The Bi flag controversy and when IP becomes personal


Rory O'Neill

The Bi flag controversy and when IP becomes personal

Adrirodri.gar /

A rather bitter controversy broke out on Twitter this week when the president of a US non-profit group claimed that it owned copyright for the Bi Pride flag, and threatened to enforce it.

The flag, an offshoot of the rainbow design that has become a widely used symbol for LGBTQ+ pride, was developed as a symbol to give greater visibility to bisexuals as a group or community.

The reaction to the copyright claims online, including from bisexuals, activists, and wider LGBTQ+ networks, was not positive. BiNet USA, the group behind the claims, was pelted with obscenities, angry messages about exploiting the community they claimed to represent, and calls for resignations on Twitter.

That’s not to say the reaction wasn’t justified or understandable—it just serves to highlight the dangers of throwing around purported IP rights when it comes to symbols and concepts that have emotional value.

This is especially true when the symbols are important to oppressed and marginalised groups who feel a sense of ownership. So how did it play out?

The controversy first arose when the non-profit BiNet USA declared on Twitter that it considered itself to be the rightful owner of copyright for the Bi flag, which is commonly seen at Pride demonstrations around the world.

BiNet claimed that it created the red, blue, and purple-striped design in 1998 with Michael Page, usually credited with designing the flag, and that it would now be enforcing its copyright.

Artists and online content creators using the design reported being sent messages from the group’s account informing them that they were in breach of copyright.


It soon emerged that the tweets were sent by BiNet president and activist Faith Cheltenham, and did not have the full support of the group’s board.

The group’s Twitter account was deleted shortly after, and people associated with the group began distancing themselves from the copyright claims.

One board member said on Twitter that they had not been consulted about enforcing the purported copyrights, which Cheltenham confirmed on their personal Twitter page to be an “executive decision”.

“I do not share the view that BiNet owns or should seek to license the bisexual pride flag,” the board member clarified.

There are two main issues in this controversy: do BiNet’s claims have any legal veracity, and should anyone try to enforce ownership over a symbol like a Pride flag?

According to Brian Winterfeldt, founder and principal of Winterfeldt IP Group and diversity activist, it’s unlikely the design is eligible for copyright protection.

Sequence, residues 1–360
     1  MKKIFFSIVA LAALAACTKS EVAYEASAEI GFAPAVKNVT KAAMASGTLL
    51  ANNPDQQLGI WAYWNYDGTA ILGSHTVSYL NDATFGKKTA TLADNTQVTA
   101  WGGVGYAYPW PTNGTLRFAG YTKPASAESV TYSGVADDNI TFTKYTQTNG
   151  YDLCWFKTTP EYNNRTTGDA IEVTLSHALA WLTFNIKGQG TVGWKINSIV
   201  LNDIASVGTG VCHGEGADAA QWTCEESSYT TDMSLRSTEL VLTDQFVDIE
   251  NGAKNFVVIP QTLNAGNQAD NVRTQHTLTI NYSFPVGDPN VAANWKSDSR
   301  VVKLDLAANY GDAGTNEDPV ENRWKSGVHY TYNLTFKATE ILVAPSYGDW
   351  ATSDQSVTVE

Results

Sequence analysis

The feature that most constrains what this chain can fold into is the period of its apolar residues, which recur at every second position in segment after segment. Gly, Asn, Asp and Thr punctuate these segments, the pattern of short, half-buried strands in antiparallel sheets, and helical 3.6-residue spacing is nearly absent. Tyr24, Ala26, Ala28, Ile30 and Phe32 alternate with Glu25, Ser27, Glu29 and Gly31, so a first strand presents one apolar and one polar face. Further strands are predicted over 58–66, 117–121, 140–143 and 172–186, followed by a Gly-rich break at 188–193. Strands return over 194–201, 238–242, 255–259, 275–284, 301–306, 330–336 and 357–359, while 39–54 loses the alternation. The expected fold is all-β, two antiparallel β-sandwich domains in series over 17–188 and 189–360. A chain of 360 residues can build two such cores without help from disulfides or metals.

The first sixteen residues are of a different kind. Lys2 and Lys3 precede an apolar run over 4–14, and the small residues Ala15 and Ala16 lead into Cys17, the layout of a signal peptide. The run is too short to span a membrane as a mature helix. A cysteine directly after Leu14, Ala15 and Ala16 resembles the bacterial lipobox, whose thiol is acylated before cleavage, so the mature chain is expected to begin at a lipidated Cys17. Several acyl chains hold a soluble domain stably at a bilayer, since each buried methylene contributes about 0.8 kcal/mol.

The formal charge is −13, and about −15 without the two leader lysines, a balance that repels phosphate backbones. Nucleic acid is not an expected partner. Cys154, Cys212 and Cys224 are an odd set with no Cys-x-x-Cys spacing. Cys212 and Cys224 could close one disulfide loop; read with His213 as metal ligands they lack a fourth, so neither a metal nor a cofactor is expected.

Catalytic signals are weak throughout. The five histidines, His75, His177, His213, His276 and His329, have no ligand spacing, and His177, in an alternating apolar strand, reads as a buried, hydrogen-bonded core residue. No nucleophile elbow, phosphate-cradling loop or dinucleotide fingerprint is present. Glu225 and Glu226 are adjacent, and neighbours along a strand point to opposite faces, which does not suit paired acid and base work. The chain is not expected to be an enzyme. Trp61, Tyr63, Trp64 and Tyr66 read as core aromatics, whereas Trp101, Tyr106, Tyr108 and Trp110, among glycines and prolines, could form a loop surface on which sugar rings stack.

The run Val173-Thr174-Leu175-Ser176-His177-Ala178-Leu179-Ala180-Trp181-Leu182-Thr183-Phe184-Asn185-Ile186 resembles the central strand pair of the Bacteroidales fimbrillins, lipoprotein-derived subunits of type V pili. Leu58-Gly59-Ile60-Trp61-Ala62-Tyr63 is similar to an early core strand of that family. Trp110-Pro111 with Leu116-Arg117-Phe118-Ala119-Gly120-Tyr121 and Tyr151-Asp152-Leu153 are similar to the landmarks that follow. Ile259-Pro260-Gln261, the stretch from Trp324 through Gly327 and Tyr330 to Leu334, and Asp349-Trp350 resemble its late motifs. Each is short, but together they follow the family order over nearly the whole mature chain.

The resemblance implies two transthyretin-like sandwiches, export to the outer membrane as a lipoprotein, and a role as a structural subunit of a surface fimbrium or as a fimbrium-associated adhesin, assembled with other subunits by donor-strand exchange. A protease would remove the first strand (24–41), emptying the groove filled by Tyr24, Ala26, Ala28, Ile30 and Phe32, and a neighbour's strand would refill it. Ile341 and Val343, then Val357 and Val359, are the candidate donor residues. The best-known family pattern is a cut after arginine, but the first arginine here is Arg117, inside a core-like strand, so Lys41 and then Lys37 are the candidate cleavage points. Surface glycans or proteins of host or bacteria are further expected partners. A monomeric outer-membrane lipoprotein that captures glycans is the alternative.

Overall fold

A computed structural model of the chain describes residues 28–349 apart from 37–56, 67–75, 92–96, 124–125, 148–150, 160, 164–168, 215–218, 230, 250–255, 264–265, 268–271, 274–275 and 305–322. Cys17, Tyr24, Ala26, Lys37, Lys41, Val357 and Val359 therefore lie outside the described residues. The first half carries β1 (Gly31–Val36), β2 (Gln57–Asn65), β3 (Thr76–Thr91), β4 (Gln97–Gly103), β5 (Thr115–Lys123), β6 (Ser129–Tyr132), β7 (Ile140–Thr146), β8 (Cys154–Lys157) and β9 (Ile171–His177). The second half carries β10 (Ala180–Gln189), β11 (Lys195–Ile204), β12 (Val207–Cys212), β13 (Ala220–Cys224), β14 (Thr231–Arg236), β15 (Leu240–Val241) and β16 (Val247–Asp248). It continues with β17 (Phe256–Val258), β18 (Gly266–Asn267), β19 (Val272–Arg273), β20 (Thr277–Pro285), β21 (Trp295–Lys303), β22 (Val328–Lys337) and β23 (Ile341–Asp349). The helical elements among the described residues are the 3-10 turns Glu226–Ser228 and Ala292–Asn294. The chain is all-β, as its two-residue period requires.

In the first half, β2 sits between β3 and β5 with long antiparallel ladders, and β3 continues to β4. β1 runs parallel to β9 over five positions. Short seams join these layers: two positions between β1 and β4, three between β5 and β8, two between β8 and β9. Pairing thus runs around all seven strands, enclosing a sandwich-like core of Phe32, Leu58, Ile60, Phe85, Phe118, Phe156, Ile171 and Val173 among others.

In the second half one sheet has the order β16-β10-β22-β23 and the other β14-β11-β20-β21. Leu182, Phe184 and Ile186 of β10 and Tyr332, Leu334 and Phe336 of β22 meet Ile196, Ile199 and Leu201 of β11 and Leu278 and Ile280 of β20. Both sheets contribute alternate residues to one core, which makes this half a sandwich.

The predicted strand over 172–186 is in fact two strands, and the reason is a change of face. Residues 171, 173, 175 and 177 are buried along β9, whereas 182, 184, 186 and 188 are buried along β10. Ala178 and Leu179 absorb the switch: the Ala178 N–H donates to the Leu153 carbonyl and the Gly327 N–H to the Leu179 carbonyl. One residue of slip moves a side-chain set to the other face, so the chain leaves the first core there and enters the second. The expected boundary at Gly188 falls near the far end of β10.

“The colors comprised by the bi pride flag were widely used and associated with the bisexual community, in the form of the ‘biangle’ design among others, before they were incorporated into the flag by Michael Page,” he explains. 

While Page’s contribution was “commendable”, the design is “probably not sufficiently original to give rise to exclusive rights,” Winterfeldt says. There’s then the separate issue of what rights BiNet has to the design, even if it is enforceable IP.

Previous public statements from BiNet in 2018 that the flag “officially belongs to the entire bisexual community” would seem to undermine any later claim to exclusive copyright.

BiNet could have unregistered trademark rights if the public had grown to know the flag as a symbol indicating BiNet as the origin of a product or service.

“As an American consumer and member of the LGBTQ+ community, I certainly do not have any such source-indicating association with the flag,” Winterfeldt says.

Claiming symbols

So BiNet’s IP claims probably don’t amount to anything from a legal standpoint. But the scale of the anger they received online does indicate something about the ability IP claims have to inflame underlying tensions when it comes to marginalised groups. We’ve seen this time and time again; indeed, we’ve seen it before with a flag

In Australia, the Aboriginal flag has been the subject of a copyright dispute, as Aboriginal businesses and creators report being told by a clothing company, and licensee to the copyright for the flag, that they can’t use the design. Disney also faced a backlash last year after trying to register ‘Hakuna matata’, a common Swahili phrase, as a trademark.

When it comes to intangible symbols like flags, phrases, cultural expressions; groups feel a sense of collective ownership over them. Efforts by one particular group or company to claim legal rights to such symbols are rarely met with anything but hostility.

IP claims for symbols related to activism and oppressed communities aren’t necessarily a bad thing. As Winterfeldt points out, LGBTQ+ suicide prevention charity The Trevor Project has a trademark portfolio, which he says helps prevent “malicious third parties from misdirecting at-risk youth” away from the services they need.

But in this case, he says it’s “deeply disturbing that any LGBTQ+ organization would seek a windfall from the growing popularity of symbols of our pride in our many respective identities, at the expense of our brothers’, sisters’ and siblings’ freedom to express that identity with all of the best intentions”.

Context, seemingly, is everything. In this case, people couldn’t see any tangible value to the wider community in the copyright claim. It was received as an attempt to take people’s flag away from them, rather than protecting it from misuse. Ultimately, it just looked like an effort to monetise people’s identity. That is much less likely to go down well.

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Bi, flag, copyright, BiNet USA, Twitter, design, LGBTQ+, bisexual, symbol, non-profit, trademark, controversy